Gonzo’s defence may be better than Scutaro’s, but I’m going to miss that .379 OBP. Scutaro was one of the reasons Lind and Hill each drove in 100 RBI this past season, as the former’s leadoff abilites to get on base set the table for the 3-4 hitters in the lineup. I’m not sure Gonzo will do that trick, and who will hit leadoff in 2010 for the Blue Jays?


  4. welikeroywelikeroy

    Jonah thanks for stopping by!,

    The runs and the .OBP was amazing for Scutaro last year. He has always had a high .OBP, but not like last season. He really hasn’t done anything like that another time in his career. I fear that last season was just a ‘career year’ for Scutaro, and I’m skeptical that he will be able to follow that up. 2 years 12.5 million is a little less than I thought for him, but the Jays are still saving money with Gonzo at short. Maybe we could have got Scutaro back for that kind of money?

    We did get the #29th pick overall, and a suppelmental round pick out of it! I’m extatic about that! Antho is revamping scouting with the Jays. I want to see what kind of ‘crop’ the young GM can produce.

    As far as a leadoff hitter?

    We will see what the Jays outfield looks like next year? Wells, Snider and ????. I like the conversion of Adam Lind to 1B. The only other guy with some speed I can think of is Bautista, but I don’t know if we are keeping him either? Bautista’s .OBP was .359 last year. Decent. We can’t rule the two insurance SS the Jays aquired this offseason either, Hoffpauir and McCoy are both good .OBP guys and could possible work their way to the club?? In two years I’d say, the will also see the progess of Justin Jackson, a very young 2nd round pick struggling in the minors now?

    Also, I always thought with Overbay’s high .OBP that he should be batting 2nd and not Hill. Hill has proven a capable #3 in my opinion, being our most efficient hitter last year. But you know Cito’s stance on mixing with order. He doesn’t really do it at all.

  5. greg1969

    Roy, I hear ya on Halladay. The FO, like some of my compatriots, seems to be reluctant to trade away Buchholz, in particular (I recall that his name was connected to trade talks last year at the deadline). The FO also seems wary of signing longer-term deals, so it would be interesting to see what kind of years we’d offer, let alone $$ figures. (Contract length, more than $$, seems to stall negotiations with our FO, esp. with “Beam Me Up Scotty” and his clients). There is also some question about how many innings he has logged, and whether he’d hold up. I think that is a “risk” that is rather small, and I would like to see Theo and the FO make the trade.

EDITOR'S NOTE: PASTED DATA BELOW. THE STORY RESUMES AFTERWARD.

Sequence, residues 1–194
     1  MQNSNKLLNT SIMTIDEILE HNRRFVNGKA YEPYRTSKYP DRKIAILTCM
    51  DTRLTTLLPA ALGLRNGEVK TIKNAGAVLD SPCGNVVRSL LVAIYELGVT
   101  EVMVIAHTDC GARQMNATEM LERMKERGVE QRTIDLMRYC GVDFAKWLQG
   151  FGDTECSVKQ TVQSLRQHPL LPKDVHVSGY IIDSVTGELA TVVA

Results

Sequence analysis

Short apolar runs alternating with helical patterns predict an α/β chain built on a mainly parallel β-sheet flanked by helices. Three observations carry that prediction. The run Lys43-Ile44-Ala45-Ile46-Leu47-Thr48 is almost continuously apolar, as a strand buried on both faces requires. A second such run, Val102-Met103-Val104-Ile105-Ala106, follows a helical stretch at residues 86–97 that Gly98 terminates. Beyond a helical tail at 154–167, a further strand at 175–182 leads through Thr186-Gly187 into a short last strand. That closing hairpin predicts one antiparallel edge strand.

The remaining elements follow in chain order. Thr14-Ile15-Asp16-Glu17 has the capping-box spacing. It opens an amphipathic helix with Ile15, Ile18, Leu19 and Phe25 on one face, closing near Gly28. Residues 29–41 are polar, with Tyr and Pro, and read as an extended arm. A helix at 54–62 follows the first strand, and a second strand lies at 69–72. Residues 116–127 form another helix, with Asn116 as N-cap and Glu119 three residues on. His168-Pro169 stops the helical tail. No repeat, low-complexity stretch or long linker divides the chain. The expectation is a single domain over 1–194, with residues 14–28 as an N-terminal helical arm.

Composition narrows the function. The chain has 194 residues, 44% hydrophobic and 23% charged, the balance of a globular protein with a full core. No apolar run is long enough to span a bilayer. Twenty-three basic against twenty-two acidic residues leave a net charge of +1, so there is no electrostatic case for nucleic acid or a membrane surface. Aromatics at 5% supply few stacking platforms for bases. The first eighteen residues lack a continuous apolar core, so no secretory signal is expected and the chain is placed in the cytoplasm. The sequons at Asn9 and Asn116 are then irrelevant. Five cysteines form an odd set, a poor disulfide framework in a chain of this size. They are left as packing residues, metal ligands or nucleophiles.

I hope A-Gonz works well for you. We (I am a regular on Brownie Points, many of whom hold this view) wish that we had picked up A-Gonz’ option, since it was not much different than what we signed Scutaro for (and as much as we like Scutaro, A-Gonz is younger). So we wished the FO had signed Gonzalez, but not that we are unhappy about Scutaro.

  6. greg1969

    There is indeed some truth in the “parallels” that you pointed to, comparing baseball and religion. I have to laugh, though, as a student of theology (specifically church history) and philosophy, because there is a church history writer named Henry Chadwick as well. (It appears you have studied some of these themes, at least on a historical level, so perhaps you are aware of the “other” Henry Chadwick–he wrote several volumes on early church history). So it is an extra chuckle to read “Henry Chadwick, Baseball Historian”! 😉
    There is another parallel of interest: the itinerant monks (inside and outside the official Roman Church) that brought not only their faith, but literature (secular and sacred) to the European Continent. The Wesleyans (among others) followed suit on this continent. Not unlike the itinerant nature of the Negro Leagues, and the precursors to the Pacific Coast League and its cousins. Loose, but interesting, parallels. 😉
    Take care, Roy.

  7. welikeroywelikeroy

    Roy thank you for reading,

    First of all, I am flattered that a student in theology actually reads my blog. Didn’t see that coming when I wrote this. In no way was this meant to be academic. I didn’t even proof read it. lol. I did have fun writing it however. I’ll leave the rest of the details to some student college student’s 3-year thesis. I think this took me 2 or 3 hours.

    The thought of Henry Chadwick the ‘Church Historian’ never actually crossed my mind until you mentioned it. I have heard of him briefly. There is some very comical irony in that, and I should have used it along with the amazing insight that you ‘blessed(lol, funny choice of words)’ my article with in the comment section. Being a student in Theology, I’m sure that you could conjure something very cool up as well related to this.